Update Nov 1, 2010: Netflix is now available on Xbox 360 in Canada: simply click on Netflix in the Video Marketplace on the Xbox 360 Dashboard.
Tony Hawk Ride is a ground-breaking game that seeks to bring the virtual a real worlds ever closer by introducing a special skateboard-deck controller into the gaming arsenal. So while traditional game reviewers can certainly weigh in on what they think of the game, someone needs to ask the question: What do real skaters think? So I asked. The answer came from my colleague, Matt Forsythe, editor over at Push.ca and no stranger to the asphalt-and-road-rash-real world of skateboarding. Better yet, Matt has clocked some serious hours with previous titles in the Tony Hawk game franchise. Here is his take on THRIDE for the Xbox 360…
Despite the Tony Hawk games turning into roller coaster simulations over the past few releases (boring, over-the-top, easily setup tricks [see chart]), I’ve got a soft spot for the series. Being the first game to do a decent job of representing skateboarding, I put more playtime into the demo of the original Tony Hawk Pro Skater (THPS) than I have into other full games, sticking with the series until Tony Hawk’s Underground. After losing ground to EA’s competing Skate franchise, the Tony Hawk team has gone for broke with a complete reboot of their series in Tony Hawk Ride. You won’t be able to miss the package in stores: the calling card of Ride is the included motion-sensing skateboard controller that’s a requirement. It seemed like as good a reason as any to give Tony another chance.
Like anyone who skates, first thing I wanted to know right out of the box is if you could actually get some pop on this thing. Thanks to a solid build and some weight, the board doesn’t feel like a cheap toy; you don’t want to shin yourself with this thing. Four visual sensors on the top of the board give it a serious “this thing is high-tech and I shouldn’t break it” feel. I passed on the ollie in case the safety warnings were true (and it wouldn’t be possible to review the game with a broken fake skateboard).
Some advice when getting started: make sure you’ve got a controller handy because if you’ve ever tried navigating a menu with a skateboard, it’s not easy. The inconsistencies of when you can and can’t use the board to get around make things worse. The board has full buttons and a d-pad, but if you’re reaching to the floor for that, you may as well grab your controller (or turn it into a sweet “multiplayer” game. I call menu guy, dibs!).
The basic mechanics of the game consist of balancing this mock skateboard to steer, while making different foot motions to pull off tricks while skating through different levels. There’s three options for how much work you’ll have to do: “Casual” keeps you on rails, leaving you to focus on tricks, “Confident” removes the rails, but supposedly stills helps (I did not get that feeling), and “Hardcore” moves when you move. The funny thing is that the “Hardcore” control setting seemed easier than the “Confident” setting, feeling more like the response of an actually skateboard (well, as close as you might get without trucks and wheels…and actually rolling).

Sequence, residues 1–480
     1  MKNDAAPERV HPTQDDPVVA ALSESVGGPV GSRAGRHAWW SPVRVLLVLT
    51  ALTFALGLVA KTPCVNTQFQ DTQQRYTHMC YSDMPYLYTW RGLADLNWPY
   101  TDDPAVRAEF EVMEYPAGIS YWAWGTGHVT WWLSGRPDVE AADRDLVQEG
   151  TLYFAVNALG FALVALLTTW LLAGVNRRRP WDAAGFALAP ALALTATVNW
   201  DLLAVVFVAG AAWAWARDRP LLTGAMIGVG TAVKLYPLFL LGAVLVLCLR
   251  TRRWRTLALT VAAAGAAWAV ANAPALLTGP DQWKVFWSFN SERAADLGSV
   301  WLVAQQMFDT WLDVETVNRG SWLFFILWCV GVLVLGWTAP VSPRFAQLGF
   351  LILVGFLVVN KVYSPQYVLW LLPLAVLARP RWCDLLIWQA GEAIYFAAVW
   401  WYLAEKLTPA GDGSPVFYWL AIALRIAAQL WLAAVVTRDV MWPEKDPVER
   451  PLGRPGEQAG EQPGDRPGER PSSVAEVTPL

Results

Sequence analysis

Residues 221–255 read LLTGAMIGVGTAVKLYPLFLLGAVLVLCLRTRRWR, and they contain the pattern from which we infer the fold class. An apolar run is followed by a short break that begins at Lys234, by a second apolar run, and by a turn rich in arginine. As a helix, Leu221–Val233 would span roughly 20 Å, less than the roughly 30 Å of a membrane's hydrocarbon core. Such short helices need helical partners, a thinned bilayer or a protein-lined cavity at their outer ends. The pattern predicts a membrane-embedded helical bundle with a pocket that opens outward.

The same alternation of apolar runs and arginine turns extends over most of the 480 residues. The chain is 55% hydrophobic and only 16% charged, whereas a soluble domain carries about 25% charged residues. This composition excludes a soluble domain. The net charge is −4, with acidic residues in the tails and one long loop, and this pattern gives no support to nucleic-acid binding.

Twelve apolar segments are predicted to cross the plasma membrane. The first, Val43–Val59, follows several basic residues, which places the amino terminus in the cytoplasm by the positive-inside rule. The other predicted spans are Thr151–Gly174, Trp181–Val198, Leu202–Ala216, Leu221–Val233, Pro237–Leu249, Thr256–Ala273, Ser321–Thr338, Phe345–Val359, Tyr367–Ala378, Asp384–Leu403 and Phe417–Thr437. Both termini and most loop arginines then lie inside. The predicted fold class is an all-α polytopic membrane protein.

Actually getting to the levels is the next trick. The load times are yawn-inducing, with the constant insistence of re-orienting your board (choosing regular or goofy, which should just be a menu option) adding insult to the wait when you think you’re finally ready to play.
When you get to the “skateboarding”, things get weird. Turns out, you’re going to need actual balance skills to make a real go at the game (which is odd, because real world skill and videogames rarely mix), and that’s just to keep you going in a straight line. Tricks, on the other hand, are a shot in the dark. Performing specific tricks is a crapshoot, devolving to strange ritual dance motions that translate to sick moves on screen. It’s supposed to help that there’s a small on-screen display mirroring your motions on the board, but putting your hand over one of four sensors to perform grabs gets old fast when you can see the display registering your movements, but not translating to tricks in the game.
Any hardcore THPS fan will be familiar with the repetitive stress injuries associated with “start, down, X”, the pause/menu combo used to restart a level while trying to complete one particular, stressful thing in early Tony Hawk games. Without having a controller in your hand, and dealing with vague controls, you have to suffer through chains of challenges with one incomplete piece, waiting for the end of a run to start over…again and again.
With so many points working against it, it was no surprise that I saw more kids at the skate park this weekend in below zero temperatures than were playing this game online.
At a $120 admission price, you’ve got to want to go fake skateboarding pretty badly to get on this Ride. And without anything to lose, I did try: you can actually get some pop on the board. It results in some possibly damaging noises, yet it’s still not as fun as the real thing.
— Thanks Matt!